Felicity Drake’s story “Kozuna, the Ogre’s Child” was published in Metaphorosis on Friday, 3 January 2020.
I’m a little embarrassed to admit how personal this story is. It’s woven together from my own experiences, people I’ve met, places I’ve been, and stories I’ve read.
“Kozuna, the Ogre’s Child” is the name of a real Japanese folktale. (Grandmother’s version of the story is fairly similar to those you’ll find in collections of Japanese folklore.) The first time I heard it, I felt awful for poor Kozuna, the half-ogre boy. It wasn’t his fault that he had ogre blood, and the story gave him no chance for redemption or a happy ending.
The setting is inspired by Gokayama: a UNESCO world heritage site in Toyama Prefecture, and a unique, beautiful place with a thriving tourist trade. (And yes, the tofu really is life-changingly delicious!) For the setting of the story, I imagined a shadow twin of the real Gokayama, a neighboring village without the UNESCO stamp of approval and the tourist income it brings.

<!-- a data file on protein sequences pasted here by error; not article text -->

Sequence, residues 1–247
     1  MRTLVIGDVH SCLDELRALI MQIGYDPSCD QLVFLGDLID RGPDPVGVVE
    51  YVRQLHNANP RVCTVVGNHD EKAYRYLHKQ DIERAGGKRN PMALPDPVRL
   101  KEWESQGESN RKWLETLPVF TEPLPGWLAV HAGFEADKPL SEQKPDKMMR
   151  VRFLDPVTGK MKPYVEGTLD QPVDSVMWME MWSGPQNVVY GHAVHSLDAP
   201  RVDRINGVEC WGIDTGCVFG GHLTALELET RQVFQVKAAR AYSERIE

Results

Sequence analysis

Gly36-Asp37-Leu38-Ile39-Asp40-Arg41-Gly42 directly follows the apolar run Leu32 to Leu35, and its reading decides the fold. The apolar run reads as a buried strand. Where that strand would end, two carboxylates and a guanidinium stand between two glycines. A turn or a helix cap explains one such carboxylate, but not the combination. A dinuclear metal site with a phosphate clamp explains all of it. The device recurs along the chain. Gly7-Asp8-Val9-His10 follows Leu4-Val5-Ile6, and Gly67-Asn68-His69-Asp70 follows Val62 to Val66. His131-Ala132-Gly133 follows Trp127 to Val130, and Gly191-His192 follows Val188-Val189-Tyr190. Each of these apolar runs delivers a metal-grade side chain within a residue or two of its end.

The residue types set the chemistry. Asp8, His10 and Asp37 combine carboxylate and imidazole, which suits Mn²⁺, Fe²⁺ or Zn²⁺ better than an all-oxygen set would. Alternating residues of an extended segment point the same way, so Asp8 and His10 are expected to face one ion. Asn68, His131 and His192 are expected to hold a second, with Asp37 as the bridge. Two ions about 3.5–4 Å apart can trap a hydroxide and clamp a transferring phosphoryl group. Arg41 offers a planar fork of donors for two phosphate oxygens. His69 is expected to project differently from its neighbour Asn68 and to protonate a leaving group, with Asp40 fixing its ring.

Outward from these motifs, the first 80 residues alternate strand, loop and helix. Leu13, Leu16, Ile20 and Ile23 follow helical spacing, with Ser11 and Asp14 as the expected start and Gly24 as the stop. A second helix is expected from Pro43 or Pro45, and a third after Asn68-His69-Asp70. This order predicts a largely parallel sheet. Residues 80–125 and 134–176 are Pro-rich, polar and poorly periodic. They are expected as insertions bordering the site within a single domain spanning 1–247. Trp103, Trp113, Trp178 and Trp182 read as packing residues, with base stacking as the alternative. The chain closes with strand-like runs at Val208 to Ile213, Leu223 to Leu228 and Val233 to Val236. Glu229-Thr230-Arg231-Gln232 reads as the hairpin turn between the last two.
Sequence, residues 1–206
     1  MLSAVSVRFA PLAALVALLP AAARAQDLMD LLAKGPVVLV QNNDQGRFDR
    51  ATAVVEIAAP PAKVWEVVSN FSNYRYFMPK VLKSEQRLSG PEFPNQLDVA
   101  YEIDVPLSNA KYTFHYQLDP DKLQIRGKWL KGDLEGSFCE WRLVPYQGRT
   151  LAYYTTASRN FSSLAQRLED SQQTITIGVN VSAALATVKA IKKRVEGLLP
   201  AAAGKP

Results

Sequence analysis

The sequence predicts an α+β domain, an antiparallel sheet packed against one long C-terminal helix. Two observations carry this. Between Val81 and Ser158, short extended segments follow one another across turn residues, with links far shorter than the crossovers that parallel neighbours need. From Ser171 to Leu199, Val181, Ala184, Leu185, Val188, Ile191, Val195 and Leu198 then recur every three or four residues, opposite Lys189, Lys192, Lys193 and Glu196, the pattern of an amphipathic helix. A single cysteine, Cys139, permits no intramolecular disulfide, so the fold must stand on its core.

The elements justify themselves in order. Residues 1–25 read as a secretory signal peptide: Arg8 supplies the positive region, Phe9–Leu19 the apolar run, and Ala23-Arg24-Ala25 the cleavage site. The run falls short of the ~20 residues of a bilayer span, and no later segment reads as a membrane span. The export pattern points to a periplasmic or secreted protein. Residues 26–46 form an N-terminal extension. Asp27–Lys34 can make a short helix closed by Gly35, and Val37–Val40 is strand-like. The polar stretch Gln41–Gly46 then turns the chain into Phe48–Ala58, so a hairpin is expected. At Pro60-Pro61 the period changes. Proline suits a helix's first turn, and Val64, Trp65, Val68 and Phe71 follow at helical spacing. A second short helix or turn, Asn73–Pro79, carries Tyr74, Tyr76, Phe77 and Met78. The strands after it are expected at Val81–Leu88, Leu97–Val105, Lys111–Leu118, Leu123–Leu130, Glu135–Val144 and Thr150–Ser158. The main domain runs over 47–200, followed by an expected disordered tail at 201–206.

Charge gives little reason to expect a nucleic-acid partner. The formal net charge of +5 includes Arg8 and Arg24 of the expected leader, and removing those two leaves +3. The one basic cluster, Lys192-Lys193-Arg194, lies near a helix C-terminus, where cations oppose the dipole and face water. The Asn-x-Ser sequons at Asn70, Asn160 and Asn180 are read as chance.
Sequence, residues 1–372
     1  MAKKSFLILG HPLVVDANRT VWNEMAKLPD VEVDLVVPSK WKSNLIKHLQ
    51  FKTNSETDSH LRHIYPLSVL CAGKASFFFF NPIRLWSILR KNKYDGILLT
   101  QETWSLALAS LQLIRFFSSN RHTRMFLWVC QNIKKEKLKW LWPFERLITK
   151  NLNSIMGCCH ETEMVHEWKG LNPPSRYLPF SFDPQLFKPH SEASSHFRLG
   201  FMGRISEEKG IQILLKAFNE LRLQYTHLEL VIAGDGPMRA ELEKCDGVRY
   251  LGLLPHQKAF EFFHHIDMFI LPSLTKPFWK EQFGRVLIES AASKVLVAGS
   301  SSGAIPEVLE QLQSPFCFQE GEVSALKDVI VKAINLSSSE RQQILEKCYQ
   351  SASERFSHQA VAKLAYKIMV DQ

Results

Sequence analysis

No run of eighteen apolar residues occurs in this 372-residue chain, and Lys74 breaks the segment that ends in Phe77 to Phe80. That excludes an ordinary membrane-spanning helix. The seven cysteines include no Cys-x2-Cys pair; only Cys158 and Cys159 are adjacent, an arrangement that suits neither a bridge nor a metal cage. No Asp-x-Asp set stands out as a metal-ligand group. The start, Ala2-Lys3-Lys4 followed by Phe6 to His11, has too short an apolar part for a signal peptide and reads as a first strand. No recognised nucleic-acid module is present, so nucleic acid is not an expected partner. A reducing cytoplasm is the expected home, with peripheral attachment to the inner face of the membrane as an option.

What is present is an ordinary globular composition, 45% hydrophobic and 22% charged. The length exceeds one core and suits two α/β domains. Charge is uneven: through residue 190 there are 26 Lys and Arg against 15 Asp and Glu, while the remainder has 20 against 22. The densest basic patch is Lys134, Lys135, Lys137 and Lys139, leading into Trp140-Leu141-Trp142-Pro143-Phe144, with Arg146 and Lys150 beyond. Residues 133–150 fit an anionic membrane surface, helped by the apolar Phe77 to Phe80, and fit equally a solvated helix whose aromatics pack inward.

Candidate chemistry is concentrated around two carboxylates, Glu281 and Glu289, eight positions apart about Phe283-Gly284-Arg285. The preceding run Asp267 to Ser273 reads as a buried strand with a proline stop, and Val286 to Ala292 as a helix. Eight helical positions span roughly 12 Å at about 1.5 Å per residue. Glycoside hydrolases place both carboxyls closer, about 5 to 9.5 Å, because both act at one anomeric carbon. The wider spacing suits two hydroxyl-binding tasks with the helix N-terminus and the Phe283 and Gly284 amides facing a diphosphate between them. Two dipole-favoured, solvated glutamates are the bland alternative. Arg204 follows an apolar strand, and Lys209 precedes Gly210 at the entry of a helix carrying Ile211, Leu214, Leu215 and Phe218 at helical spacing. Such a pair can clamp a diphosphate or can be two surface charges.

The picture scroll that Hitomi thinks about, the one with ogres banqueting on human flesh and blood, is Shuten dōji emaki. The version I had in mind can be viewed online, thanks to the National Diet Library’s digital collection.
If the folklore of the mountains of Japan captures your imagination, I would strongly recommend Yanagita Kunio’s The Legends of Tono (translated by Ronald A. Morse). It is a classic of folklore studies and a gateway into another world.
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